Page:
New York to Rival Las Vegas? Maybe, but No 'Wiseguys' Allowed: Cuomo

Bugsy Siegel, looking dapper; he contributed
to the creation of Las Vegas, though was not
the solitary visionary he's often portrayed as.
 According to an article in the International Business Times, New York's Mayor Bloomberg and Governor Cuomo are seeking the passage of legislation that would allow the building of  a "major gambling center" in a place "like" Aqueduct Racetrack, which is in Queens, as well as other casinos all over the state.

New York, which has received worldwide accolades for its reduction in crime since the "Death Wish" days of the 1970s, is already taking into account the possibility that the sticky fingers of organized crime will become attached to these casinos, providing most likely the Italian Mafia over other crime organizations with a potentially massive revenue-generator.

Here is the article, in full:

Backed by Mayor Michael Bloomberg, Governor Andrew Cuomo and his administration are continuing plans to build a Las Vegas style casino in New York. The preliminary plan, if it ever takes off, is to bring a major gambling center to a place like Aqueduct Racetrack in Queens, where video gambling machines have recently been installed.
Bugsy dead; you don't pay the mob what you
owe, you end up paying the price anyway, no
matter who you are and what you built.

However, Cuomo is still pushing hard to legalize all forms of gambling, as mentioned in his state of the state address. In fact according to a poll conducted by Siena College, 53 percent of New York voters support legislature passing a constitutional amendment to allow major casinos to be built in the state.

In a recent speech regarding the subject, Cuomo envisions a major gambling commission, if casino's were to be built in the state, which he hopes lawmakers and voters approve sometime next year.

"Sell the rights, maximize your profits, regulate it, make sure no wise guys get involved," Cuomo said, according to the New York Post. "If it were up to me, I would put together a gaming board like Nevada--former FBI, former CIA . . . strict regulations, public bids, open the envelopes."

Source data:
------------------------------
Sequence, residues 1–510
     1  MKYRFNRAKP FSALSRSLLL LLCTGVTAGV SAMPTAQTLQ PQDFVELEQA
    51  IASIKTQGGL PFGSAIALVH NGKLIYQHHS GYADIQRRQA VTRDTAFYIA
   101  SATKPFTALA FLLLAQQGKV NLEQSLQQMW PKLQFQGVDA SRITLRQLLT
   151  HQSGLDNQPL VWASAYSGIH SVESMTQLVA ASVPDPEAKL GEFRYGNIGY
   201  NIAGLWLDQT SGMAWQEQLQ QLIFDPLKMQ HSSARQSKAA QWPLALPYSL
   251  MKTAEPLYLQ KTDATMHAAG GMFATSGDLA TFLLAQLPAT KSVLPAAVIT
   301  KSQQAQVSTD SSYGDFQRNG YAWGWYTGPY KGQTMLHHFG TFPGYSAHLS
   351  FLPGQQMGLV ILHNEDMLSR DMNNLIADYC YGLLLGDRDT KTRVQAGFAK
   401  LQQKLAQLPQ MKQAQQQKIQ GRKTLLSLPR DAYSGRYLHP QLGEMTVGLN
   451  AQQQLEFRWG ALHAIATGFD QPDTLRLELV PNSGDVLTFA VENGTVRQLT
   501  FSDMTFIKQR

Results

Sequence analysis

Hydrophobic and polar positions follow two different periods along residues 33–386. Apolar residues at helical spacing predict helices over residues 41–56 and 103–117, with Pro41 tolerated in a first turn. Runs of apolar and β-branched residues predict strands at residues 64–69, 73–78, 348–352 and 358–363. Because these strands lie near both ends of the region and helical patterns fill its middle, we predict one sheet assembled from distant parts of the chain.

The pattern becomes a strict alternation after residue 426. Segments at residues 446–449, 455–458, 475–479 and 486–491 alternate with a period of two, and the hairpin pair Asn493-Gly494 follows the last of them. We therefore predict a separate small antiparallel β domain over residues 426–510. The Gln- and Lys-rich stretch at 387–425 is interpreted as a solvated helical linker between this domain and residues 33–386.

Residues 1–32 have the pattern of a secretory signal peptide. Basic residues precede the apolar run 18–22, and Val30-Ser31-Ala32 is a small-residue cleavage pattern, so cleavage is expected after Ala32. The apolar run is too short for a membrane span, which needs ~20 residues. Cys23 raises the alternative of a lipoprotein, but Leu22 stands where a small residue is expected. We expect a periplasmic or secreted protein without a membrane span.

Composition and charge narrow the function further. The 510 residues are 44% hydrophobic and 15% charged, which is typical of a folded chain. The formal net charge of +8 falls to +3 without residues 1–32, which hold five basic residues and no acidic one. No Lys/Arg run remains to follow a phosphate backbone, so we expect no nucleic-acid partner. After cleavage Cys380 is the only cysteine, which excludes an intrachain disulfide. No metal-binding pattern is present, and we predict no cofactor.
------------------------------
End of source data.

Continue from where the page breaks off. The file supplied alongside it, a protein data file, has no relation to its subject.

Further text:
However, Cuomo also acknowledged that even with heavy restrictions, gambling comes with heavy baggage. Some studies suggest that gambling bring an increase of crime.

At a press conference Wednesday, Commissioner Ray Kelly said he didn't expect any problems to come from a casino or gambling in New York City.

"It is a ways off and we would look at it more closely, but we don't see any major issues associated with legalized gambling."



While street crime may not be an issue, organized crime and the Mafia will certainly look to take hold of New York's gambling industry.

"Members of organized crime are busy in every facet of society looking for a way to penetrate ," said James Wedick. Wedick is a 35-year veteran of the FBI. He has been investigated cases ranging from terrorism to political corruption to the Mafia. "Organized crime will always try to steal a buck from legitimate sort of folks."

It is no secret that the Mafia had a major role in the implementation of legalized gambling in Las Vegas. In the 1960s and 1970s, the Mafia was a major powerhouse in the gambling scene, controlling casinos, politicians and owners in order to turn a profit. However, things have changed and the American Mafia is not the crime syndicate it once was in its heyday.

"I think everybody agrees they don't have the bang that they once had," said Wedick. In the 1960s and 1970s "they were as sophisticated as law enforcement," even able to stay a step of ahead of municipal police forces and the FBI. However, advancements in police training and techniques allowed law enforcement to effectively tackle organized crime, said Wedick.

Now, however, the Mafia has devolved into "more or less or unsophisticated crews," who take part in "more small time stuff in local neighborhoods."

But with New York on the edge of legalizing gambling, there is always the possibility of a resurgence of the Mafia in the city. Wedick said it is important to be aware of organized crime making their presence known through a variety of tactics.

"They go and try and corrupt the public officials," he said. "It will be the politician who finds himself in dire financial straits." It would also be conceivable that it would be a politician who has neighborhood connections to some local hoods and become mixed up in a scheme.

However, he would also expect the gangsters to go after established businessmen. Sometimes they will extort powerful people heading up development in a casino or they will go after workers on the lower end of the totem pole.

"If you are going to skim cash off the top, the best way is get into accounting," he said. "See if you can blackmail someone into doing something."

In order to curtail the corruption often associated with legalized gambling, Wedick expects New York to form a Nevada style gaming commission--as Cuomo proposes--that will help monitor the finances of each casino and take complaints very seriously. The FBI will be monitoring statements and closely look at the associations of each company.

However, the Mafia does not plan ahead, Wedick reassured. Their plans are "more accidental," he said. They tend to take an attitude of "let's take advantage of something as it happens," he said. "They don't forecast down the road like that."

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